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Bob Marley
Review
An opinion piece that you describe, praises or criticizes, on the whole or partly, to cultural or entertainment work. It must be written by an expert on the matter

‘Bob Marley: One Love’: A serviceable biopic that is saved by its soundtrack

It is the songs that end up dominating, although they have to fight against slick staging in this recreation of the life of the Jamaican genius

Bob Marley: One Love
Kingsley Ben-Amir in 'Bob Marley: One Love.'
Javier Ocaña

When making the cinematographic biography of a popular music star, filmmakers always have two essential options. They can choose to tell their full life story from birth to death or, at least, a broad journey that helps understand the significance not only of their music but also of their personality. Or they can focus on a much shorter period, the musician’s most significant artistic aspect, or on their personal core, either of which ends up forming a multifaceted portrait. In the first case, the danger is making something superficial. The director goes all the way, but skims over everything without sinking the knife into anything. In the second case, the threat comes because not all artists have an imposing dramatic core that encompasses them as artists and as human beings.

In Bob Marley: One Love, the new biopic about the legendary Jamaican musician, the director Reinaldo Marcus Green and producers Brad Pitt, Marley’s widow, and his children (Rita, Ziggy, and Cedella), did not decide on one option or the other and tried to cover both. They chose the right period, a short time span that goes from the prelude to the December 1976 concert at the National Heroes Park in Kingston (Jamaica) to the One Love peace concert in April 1978. Jamaica at the time was in turmoil. Marley’s 1976 concert had been turned into a political event by its organizer, the then Prime Minister Michael Manley, who called elections to take advantage of the star’s momentum. However, the time was not right for political grandstanding, and after 18 months of escalating violence, it led Jamaica to the brink of civil war. This prompted Marley himself to organize his own concert as a way to seek a national reconciliation. It was a year and a half in which Marley’s personal and artistic life took a huge turn and in which the events of all kinds — musical, political, criminal, and even health — had enough dramatic significance to leave him well-defined there.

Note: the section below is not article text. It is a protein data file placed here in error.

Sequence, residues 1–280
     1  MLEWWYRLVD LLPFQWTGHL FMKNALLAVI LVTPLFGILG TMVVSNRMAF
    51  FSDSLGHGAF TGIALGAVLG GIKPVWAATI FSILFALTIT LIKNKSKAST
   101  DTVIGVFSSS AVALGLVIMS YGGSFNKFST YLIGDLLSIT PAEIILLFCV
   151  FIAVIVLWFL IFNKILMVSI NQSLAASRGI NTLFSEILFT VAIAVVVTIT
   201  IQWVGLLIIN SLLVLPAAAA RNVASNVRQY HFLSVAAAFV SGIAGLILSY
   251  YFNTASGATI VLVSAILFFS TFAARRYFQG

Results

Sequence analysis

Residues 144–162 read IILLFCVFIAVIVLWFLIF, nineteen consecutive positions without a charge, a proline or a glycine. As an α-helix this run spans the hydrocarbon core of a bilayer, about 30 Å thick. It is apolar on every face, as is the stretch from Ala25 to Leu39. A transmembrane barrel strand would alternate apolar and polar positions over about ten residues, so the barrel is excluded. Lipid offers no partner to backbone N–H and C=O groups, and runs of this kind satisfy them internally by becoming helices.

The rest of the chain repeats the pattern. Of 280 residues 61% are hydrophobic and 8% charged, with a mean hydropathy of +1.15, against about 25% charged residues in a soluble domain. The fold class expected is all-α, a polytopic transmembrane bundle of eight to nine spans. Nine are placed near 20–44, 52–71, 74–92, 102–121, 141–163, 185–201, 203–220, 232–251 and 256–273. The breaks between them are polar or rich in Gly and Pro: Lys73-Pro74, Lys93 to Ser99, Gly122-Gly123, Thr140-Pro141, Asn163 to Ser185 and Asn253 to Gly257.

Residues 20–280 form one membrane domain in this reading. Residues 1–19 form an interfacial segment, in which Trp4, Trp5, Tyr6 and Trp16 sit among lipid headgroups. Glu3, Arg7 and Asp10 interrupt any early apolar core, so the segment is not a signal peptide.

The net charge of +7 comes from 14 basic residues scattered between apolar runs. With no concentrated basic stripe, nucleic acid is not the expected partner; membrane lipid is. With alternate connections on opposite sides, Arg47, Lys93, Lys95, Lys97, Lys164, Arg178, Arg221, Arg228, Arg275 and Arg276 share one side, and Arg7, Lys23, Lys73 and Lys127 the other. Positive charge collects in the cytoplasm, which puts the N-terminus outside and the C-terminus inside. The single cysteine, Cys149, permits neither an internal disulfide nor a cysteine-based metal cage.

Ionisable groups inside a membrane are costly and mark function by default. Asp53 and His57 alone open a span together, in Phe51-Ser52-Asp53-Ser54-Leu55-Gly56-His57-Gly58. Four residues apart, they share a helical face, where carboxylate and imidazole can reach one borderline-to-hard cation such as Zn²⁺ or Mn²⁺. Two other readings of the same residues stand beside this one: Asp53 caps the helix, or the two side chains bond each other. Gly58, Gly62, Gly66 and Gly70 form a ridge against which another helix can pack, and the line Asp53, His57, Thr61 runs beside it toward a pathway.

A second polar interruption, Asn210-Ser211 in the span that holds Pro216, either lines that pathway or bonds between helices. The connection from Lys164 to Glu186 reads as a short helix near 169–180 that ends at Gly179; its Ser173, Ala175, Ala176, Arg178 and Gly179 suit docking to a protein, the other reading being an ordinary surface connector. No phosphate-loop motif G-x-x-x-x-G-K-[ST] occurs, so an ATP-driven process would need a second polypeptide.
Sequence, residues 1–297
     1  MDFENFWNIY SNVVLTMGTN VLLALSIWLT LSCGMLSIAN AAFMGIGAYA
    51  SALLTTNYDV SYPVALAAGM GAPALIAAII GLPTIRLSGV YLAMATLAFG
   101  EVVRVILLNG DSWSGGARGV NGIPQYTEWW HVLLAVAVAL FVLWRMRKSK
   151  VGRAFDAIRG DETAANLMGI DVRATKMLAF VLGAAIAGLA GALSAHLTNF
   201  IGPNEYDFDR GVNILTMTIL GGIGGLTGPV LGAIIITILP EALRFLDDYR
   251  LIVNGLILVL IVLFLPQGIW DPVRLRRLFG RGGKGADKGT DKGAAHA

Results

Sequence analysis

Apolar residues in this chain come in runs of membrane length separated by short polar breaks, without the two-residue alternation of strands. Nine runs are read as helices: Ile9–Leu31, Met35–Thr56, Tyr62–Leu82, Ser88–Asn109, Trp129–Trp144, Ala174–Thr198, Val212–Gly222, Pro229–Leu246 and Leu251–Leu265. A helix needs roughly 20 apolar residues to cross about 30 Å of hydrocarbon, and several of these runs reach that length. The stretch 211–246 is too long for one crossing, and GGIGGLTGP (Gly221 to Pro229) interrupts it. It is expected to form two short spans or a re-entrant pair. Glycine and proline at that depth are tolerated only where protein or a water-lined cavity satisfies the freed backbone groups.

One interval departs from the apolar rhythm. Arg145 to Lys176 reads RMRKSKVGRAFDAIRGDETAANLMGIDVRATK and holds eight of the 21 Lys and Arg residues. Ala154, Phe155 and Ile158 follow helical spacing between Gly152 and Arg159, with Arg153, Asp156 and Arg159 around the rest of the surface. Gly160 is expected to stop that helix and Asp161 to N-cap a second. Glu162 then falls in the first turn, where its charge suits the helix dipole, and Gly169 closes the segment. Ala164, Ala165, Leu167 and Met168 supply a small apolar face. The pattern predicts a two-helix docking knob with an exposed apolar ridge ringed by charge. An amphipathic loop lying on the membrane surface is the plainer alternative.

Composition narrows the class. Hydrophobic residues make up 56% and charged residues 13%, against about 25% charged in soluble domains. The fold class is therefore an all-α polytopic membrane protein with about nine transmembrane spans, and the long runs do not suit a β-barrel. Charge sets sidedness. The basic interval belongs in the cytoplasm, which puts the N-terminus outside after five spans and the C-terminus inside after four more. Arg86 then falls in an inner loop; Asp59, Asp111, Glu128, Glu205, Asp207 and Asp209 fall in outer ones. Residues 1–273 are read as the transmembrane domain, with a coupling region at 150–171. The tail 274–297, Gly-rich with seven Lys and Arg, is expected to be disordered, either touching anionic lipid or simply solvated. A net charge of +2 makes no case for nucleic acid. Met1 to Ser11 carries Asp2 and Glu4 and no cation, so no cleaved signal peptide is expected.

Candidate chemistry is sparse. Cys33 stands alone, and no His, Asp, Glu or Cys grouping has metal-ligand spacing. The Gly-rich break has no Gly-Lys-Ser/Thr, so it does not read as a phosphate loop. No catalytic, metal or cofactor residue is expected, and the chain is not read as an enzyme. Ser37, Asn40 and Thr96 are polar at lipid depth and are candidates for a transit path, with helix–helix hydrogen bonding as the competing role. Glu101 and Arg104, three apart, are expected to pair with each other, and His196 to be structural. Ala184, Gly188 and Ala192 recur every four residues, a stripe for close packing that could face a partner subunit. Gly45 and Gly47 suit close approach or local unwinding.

Lashana Lynch and Kingsley Ben-Amir play Rita and Bob Marley in the film.
Lashana Lynch and Kingsley Ben-Amir play Rita and Bob Marley in the film.

However, in a film that Terence Winter — one of the prestigious screenwriters of The Sopranos and creator of Boardwalk Empire — began writing, the audience gets the impression that the creators, including the director himself ended up putting in too many tricks and that they were not satisfied with only a year and a half of Marley’s life. They filled the film with insubstantial flashbacks (musical, religious, and even serials) that try to round out Marley’s character, but that only blur the image.

Among other criticisms, the academic staging by the director — as already demonstrated in The Williams Method (the biopic about the tennis-playing sisters Venus and Serena and their father) — becomes snooty and somewhat bombastic. It relies too heavily on the dichotomy between the absence of the biological father (Marley was the son of a white British soldier about whom he knew nothing and of whom he only kept a photo) and the presence of a kind of spiritual father, recreated in the ghostly figure of the Ethiopian leader Haile Selassie, whom the musician idolizes.

Now, although Marley’s womanizing side is also conspicuous by its absence, not everything is so reprehensible in the film. As custom dictates, it is the music that ends up dominating, and in that sense so does the pleasure of watching the creative process of an album as legendary as Exodus, also conceived in that year and a half of dread and fury, pain and success. Bob Marley: One Love is closer to the lightness of Bohemian Rhapsody and other biopics of musicians made in the early 2000s (mainly, Ray) than to the energy of Rocketman, and so lovers of more conventional biopics may like it. But in the end, Marley’s imposing personality and the musical, social, and political vigor of his songs come to the aid of the film.

Bob Marley: One Love

Director: Reinaldo Marcus Green.

Starring: Kingsley Ben-Amir, Lashana Lynch, James Norton, Anthony Welsh. 

Genre: Biopic. USA, 2024.

Duration: 104 minutes.

Premiere: February 14.

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